Name:  Kayla Wanamaker

Kayla Wanamaker 

Area of Study: Forensic

In what program are you currently enrolled? PhD

What year of the program are you currently in? 5th

Citation in APA format

Wanamaker, K. A., Jones, N. J., & Brown, S. L. (2018). Strengths-based assessments
for use with forensic populations: A critical review. International Journal of Forensic Mental Health, 17(2), 202-221. doi: 10.1080/14999013.2018.1451414


Plain language abstract:

With the emergence of positive psychology, correctional researchers have begun to incorporate strengths into risk assessment practices in an effort to understand why some high-risk individuals have the ability to avoid engaging in delinquent or criminal actions. Accordingly, the current article reviews eight offender assessment tools that either (1) incorporate strengths in addition to the traditionally measured set of risks/needs, or (2) were specifically designed as strength assessment protocols to be used alongside risk/needs tools. Although evidence is mixed, there is some support for the inclusion of strengths in risk assessment with the objective of improving predictive accuracy and providing valuable case planning information. Given definitional discrepancies in the literature with respect to how strengths are measured and conceptualized, further research is required to understand the specific manner in which strengths interact with established risk factors across various offender populations.


How did the idea for this research come about? 

After several discussions with my supervisor, and after conducting a literature review for my dissertation, it became clear that the use of strengths-based practices in correctional settings have been conceptualized and infused in risk assessment protocols in many different ways. Specifically, there has been debate on how strengths are defined, how they operate in risk assessment practices, and whether or not they add incrementally to the prediction of recidivism. As such, we decided that a review of the literature is needed highlighting the history of strengths, the definitional issues, and how various risk assessment instruments have incorporated strengths (and corresponding research that has been conducted).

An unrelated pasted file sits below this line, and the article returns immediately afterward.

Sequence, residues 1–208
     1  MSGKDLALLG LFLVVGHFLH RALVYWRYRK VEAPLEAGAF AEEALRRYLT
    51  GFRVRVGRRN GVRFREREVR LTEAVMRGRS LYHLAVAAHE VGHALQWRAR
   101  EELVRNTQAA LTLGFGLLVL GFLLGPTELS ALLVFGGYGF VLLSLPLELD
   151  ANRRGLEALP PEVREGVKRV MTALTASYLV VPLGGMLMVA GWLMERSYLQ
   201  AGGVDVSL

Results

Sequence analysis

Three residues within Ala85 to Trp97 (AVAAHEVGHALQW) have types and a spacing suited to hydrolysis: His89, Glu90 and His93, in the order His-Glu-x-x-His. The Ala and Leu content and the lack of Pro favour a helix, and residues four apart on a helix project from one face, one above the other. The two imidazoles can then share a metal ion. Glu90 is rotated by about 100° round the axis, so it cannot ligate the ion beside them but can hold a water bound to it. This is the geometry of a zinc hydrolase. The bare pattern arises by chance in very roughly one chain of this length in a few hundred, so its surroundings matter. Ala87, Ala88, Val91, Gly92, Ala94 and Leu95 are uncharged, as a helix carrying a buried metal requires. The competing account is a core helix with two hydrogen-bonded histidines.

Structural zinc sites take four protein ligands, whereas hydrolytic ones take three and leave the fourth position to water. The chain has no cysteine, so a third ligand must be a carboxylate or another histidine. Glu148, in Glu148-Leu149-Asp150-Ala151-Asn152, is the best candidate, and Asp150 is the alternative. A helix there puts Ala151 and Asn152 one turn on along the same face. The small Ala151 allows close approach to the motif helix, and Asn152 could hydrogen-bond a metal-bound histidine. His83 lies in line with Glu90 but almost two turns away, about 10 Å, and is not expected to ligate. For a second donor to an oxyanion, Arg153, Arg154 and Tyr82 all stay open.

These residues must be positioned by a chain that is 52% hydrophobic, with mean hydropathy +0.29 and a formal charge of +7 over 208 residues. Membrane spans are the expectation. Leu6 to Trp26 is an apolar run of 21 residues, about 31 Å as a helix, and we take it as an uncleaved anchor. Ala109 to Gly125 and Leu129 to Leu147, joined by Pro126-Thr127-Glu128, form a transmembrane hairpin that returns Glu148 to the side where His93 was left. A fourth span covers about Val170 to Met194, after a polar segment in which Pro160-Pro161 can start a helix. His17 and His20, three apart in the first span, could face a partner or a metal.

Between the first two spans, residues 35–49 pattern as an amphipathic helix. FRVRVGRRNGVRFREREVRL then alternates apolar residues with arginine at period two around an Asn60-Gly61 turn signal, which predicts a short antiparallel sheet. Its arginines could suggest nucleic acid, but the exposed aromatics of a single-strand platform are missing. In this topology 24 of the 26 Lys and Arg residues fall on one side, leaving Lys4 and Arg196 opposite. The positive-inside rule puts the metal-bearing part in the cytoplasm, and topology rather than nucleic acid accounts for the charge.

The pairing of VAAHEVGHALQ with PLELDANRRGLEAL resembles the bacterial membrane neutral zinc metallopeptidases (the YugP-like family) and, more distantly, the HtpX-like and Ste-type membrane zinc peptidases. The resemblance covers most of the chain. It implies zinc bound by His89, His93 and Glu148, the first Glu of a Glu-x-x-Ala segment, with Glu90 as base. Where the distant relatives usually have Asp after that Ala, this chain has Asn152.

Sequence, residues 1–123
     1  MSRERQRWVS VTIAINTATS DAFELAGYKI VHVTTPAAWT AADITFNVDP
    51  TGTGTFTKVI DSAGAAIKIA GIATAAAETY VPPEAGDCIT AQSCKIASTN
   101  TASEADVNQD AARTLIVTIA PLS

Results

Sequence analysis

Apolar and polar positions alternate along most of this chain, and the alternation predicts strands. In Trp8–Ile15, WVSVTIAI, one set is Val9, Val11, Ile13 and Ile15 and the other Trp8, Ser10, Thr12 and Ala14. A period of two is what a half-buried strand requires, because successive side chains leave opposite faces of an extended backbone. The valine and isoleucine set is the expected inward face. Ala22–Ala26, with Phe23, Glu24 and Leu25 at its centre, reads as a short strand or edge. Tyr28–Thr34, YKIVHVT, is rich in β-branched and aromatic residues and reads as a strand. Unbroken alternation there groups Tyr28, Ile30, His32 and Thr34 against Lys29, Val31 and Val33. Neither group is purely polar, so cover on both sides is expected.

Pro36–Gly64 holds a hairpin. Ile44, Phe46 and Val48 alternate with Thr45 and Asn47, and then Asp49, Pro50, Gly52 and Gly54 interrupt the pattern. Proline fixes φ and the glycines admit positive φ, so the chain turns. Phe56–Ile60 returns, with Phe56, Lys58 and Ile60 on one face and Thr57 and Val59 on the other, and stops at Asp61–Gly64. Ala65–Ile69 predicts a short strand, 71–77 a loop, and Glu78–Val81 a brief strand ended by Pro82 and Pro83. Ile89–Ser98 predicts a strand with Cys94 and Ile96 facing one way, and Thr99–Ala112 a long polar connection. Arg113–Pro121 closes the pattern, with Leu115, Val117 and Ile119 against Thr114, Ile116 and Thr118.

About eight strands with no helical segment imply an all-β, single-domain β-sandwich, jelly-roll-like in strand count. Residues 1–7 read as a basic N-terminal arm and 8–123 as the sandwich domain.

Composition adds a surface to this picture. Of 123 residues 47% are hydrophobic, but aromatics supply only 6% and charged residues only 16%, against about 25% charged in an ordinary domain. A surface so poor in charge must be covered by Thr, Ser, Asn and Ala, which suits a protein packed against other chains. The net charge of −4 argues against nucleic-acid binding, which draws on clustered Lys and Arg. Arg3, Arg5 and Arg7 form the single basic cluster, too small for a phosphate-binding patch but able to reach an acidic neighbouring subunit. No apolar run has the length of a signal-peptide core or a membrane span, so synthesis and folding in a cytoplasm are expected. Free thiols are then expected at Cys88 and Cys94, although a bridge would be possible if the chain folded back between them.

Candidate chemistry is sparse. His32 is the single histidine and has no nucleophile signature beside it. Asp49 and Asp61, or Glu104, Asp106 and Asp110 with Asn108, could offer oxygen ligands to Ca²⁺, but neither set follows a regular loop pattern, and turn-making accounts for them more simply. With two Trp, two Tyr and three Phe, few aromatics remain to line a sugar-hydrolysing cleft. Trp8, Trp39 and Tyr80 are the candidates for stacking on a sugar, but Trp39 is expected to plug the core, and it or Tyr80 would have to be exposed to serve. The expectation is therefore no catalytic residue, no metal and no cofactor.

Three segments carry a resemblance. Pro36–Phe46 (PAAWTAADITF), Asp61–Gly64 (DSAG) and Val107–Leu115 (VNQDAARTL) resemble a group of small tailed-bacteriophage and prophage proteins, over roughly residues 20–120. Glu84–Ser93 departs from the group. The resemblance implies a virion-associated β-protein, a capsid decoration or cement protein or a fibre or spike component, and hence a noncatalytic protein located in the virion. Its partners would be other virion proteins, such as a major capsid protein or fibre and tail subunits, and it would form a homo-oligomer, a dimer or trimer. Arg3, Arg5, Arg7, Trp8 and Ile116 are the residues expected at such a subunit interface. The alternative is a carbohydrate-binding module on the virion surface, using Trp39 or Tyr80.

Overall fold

How did you collect the data for this project? 

Because this was a review article primary data collection was not done. Rather this project included a rigorous search strategy (e.g., similar to what would be used when conducting a meta-analysis), whereby key words were searched across several databases and inclusion/exclusion criteria was determined a priori. Specifically risk assessment tools were only selected for inclusion in the review if they (1) incorporate strengths alongside risk and need factors, or measure strengths exclusively to supplement traditional risk assessment protocols, and (2) have at least two longitudinal or prospective research studies that examine the strengths-based items’ ability to predict recidivism among a forensic sample.

Was the journal you published in the first journal you submitted this paper to?



Why did you choose this journal?

The International Journal of Forensic Mental Health was the best fit for our review article because this journal focuses on a variety of forensic issues (including those involving risk assessment) across various offender populations (e.g., youth, adult, forensic inpatient, etc.). In addition, this journal provided an international platform for disseminating our research results. Given that many of the tools discussed in our review were studied and developed with various offender populations across various countries, this journal seemed like a perfect fit. In addition, this journal had previously published articles on strengths and strengths-based practices.


How many other journals did you submit this paper to before it landed in the journal that eventually published your work?


What was your revision experience?

Overall the manuscript was greatly improved. The revision experience was quite demanding with extensive revisions required. Essentially the scope, and to some extent, the goal of the review changed from the first submitted version. An additional literature search was needed. Although the revisions were quite exhaustive, we received really thoughtful and thorough feedback from reviewers, which led to a manuscript that was much more focused and stronger than the initial submission.


How many rounds of revision did you experience?


Did you need to collect new data to satisfy a reviewer?


How long did it take from first submission to acceptance? 

14 months

Was this paper conducted as part of your MA thesis?


Was this paper conducted as part of your PhD dissertation?


How did this project come about?

Initially this project was an Independent study. However, the manuscript changed quite a bit from when it was my Independent study to the time of submission.

Was this research conducted with your supervisor?

Yes, with Dr. Shelley Brown

Was this research conducted with fellow graduate students in our program? 


Was this research conducted with researchers external to Carleton?

Dr. Natalie Jones (Carleton Graduate)